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Flush, by Carl Hiaasen is one of his handful of books written for teens, not to be confused with his adult crime fiction, although they do tend to cross over in terms of preoccupations at times. Hiaasen writes about Florida and its ecology with an undimmed passion, and his teen books are no exception. He also likes to add in elements of criminal activity in the teen books, although always in terms of being an eco warrior, rather than mindless vandalism.

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I read this book to my children, who love Hiaasen’s work. We romped through, Hoot, Chomp and Scat, but foundered rather with this book, which has taken us a few months to finish rather than the usual few weeks. We all agreed that we didn’t find it as strong in terms of plot and it was not quite as funny or compelling as his other works. Having said that, it was still very enjoyable, but we think we were spoiled by reading the others first. We suggest you start with this, and then move on to the other books, which will be even more of a treat afterwards.

Flush tells the story of Noah and his sister Abby who become reluctant eco warriors when their father is jailed for sinking a casino pleasure boat that is polluting their local marina with toilet waste.  They decide to vindicate their dad, proving he is right and hopefully saving their parents marriage into the bargain.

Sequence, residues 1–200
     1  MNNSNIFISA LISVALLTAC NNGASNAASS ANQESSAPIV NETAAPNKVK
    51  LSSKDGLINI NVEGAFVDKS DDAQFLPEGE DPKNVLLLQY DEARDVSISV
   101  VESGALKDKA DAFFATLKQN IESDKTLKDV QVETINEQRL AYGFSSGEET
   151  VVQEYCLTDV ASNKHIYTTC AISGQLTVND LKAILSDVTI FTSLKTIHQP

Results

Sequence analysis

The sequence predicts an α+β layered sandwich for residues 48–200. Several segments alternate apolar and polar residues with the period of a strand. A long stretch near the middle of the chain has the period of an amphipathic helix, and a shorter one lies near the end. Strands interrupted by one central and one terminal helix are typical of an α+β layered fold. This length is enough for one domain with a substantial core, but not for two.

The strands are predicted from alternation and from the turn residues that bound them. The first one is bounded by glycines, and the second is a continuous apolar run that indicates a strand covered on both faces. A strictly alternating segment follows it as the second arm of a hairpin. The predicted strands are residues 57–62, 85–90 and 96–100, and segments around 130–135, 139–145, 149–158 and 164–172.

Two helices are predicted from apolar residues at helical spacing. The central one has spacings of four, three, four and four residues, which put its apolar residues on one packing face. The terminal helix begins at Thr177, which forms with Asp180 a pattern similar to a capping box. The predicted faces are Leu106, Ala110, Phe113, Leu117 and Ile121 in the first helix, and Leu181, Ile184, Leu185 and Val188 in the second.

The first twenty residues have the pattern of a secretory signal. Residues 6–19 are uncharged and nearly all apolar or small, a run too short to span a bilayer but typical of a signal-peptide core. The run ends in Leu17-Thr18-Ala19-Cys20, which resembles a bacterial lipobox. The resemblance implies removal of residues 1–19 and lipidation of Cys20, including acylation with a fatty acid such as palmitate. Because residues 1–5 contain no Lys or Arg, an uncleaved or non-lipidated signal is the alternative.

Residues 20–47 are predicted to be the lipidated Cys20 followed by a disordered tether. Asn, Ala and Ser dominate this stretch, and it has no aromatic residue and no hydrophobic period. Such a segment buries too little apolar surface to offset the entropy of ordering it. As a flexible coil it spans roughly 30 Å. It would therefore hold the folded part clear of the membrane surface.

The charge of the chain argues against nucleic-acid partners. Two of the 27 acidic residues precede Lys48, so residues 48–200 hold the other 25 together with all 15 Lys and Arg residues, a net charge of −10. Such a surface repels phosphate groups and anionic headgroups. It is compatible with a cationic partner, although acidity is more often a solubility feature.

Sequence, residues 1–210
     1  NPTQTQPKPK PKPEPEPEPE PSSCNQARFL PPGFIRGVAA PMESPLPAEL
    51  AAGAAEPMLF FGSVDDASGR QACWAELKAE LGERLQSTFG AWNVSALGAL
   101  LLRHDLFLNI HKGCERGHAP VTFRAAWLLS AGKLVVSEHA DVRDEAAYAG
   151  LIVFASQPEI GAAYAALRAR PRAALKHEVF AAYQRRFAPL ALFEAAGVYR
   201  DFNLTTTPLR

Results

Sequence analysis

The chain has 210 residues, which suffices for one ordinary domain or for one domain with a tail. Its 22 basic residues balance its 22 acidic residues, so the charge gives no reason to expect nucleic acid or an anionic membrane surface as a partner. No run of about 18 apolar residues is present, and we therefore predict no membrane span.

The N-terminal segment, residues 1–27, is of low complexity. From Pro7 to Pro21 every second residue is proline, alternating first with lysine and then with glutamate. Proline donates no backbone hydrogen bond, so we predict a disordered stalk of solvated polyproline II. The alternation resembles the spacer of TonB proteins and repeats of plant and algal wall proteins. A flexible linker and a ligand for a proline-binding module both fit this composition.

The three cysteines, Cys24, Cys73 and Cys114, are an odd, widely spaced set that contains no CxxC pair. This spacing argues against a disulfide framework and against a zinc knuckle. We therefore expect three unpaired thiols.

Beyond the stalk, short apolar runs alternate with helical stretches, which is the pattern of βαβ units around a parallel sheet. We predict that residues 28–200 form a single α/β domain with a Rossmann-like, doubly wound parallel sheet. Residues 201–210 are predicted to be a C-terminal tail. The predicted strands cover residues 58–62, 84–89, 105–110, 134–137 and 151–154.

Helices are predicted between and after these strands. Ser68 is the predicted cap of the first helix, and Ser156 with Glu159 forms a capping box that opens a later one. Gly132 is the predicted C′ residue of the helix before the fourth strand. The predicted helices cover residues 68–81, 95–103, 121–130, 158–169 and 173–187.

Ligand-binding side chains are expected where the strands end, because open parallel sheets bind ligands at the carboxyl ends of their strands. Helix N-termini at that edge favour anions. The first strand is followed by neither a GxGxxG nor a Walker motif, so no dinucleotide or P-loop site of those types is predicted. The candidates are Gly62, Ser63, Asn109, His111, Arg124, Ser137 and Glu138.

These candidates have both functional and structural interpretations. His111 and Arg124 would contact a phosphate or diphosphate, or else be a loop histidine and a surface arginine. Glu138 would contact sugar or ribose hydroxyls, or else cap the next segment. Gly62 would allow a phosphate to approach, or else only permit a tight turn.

There are some wonderfully humorous touches, which we have come to expect from Hiaasen, although not as many as we would have liked. There are also some fantastic characters; the slimy Lice Peeking and his resourceful and brilliant girlfriend Shelley, the mysterious pirate who comes to the children’s rescue, and the revolting bully Jasper Jr are all fantastic.

The book would work well for older readers aged 10 and up, both girls and boys. It has some small amount of swearing, a little violence, although nothing gratuitous, and some oblique sexual references, all of which make it fun to read if you’re young and you think you shouldn’t be reading this stuff, and which are absolutely nothing to worry about if you’re a parent or teacher.

We have not been put off by this book, despite it being our least favourite so far, and the next book the children have chosen for me to read to them is also a Carl Hiaasen book, Skink: No Surrender. Let’s hope it’s a good one.

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